She and others see huge advantages in being able to learn more about rare species without disturbing them.
An author and scientist on the Mount Everest study, Seimon said they “looked at organisms across the entire tree of life … at the whole biodiversity on the highest mountain.”
She and colleagues developed a test to amplify eDNA samples to rapidly detect species, reducing the size of equipment they needed for this type of work around the world, she said. “You can take the test, throw it in a backpack and go into the field, collect water samples on the spot, then test them and get results in about an hour.”
In Seimon’s view, the strongest applications are for observing ecosystems and monitoring ongoing changes. At Everest, for example, if they can collect a baseline inventory, they could return and collect samples over time, she said. “The longer we wait, the less data we’ll have.”
While she and others work to map biodiversity on Mount Everest, many are working with similar goals in tropical rainforests, as the forests suffer further alteration and climate change.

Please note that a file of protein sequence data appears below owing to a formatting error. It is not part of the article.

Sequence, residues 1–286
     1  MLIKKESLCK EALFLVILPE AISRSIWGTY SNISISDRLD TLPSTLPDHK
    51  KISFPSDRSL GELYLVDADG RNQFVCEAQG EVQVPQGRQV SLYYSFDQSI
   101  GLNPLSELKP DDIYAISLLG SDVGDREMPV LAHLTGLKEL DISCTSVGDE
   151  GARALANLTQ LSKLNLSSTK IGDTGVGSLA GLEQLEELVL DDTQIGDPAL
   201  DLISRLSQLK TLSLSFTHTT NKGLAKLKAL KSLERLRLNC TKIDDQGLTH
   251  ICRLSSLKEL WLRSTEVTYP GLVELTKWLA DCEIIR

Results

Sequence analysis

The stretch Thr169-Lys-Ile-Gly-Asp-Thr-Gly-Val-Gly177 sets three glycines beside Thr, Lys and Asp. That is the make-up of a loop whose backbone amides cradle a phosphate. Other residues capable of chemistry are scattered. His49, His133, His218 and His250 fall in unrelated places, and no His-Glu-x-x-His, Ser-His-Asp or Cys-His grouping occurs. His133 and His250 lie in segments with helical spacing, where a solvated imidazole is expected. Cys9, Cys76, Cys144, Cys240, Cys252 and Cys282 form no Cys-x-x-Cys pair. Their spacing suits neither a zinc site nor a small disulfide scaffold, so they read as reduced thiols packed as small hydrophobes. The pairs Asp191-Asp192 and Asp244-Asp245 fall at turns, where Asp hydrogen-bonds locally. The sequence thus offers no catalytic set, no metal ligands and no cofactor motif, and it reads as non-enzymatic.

Monitoring biodiversity is crucial, said Peter Houlihan, executive vice president, biodiversity and conservation for XPRIZE, a nonprofit organization that hosts public competitions to encourage technological development to benefit humanity.
The XPRIZE Rainforest competition underway challenged teams to develop autonomous technology for rapid assessment of biodiversity in rainforests. Houlihan said the objective is to find solutions that can survey the greatest expanse of forest.
“We’re definitely seeing a lot of interest in eDNA,” Houlihan said, whether it’s with “overland robotics navigating the understory or aerial robots trying to navigate through or above the canopy.” In June, 15 semifinalists were announced, including four U.S.-based groups. Prizes are scheduled to be awarded in 2024.
Houlihan, a tropical ecologist who specializes in expedition logistics, said things are already changing in the warming world.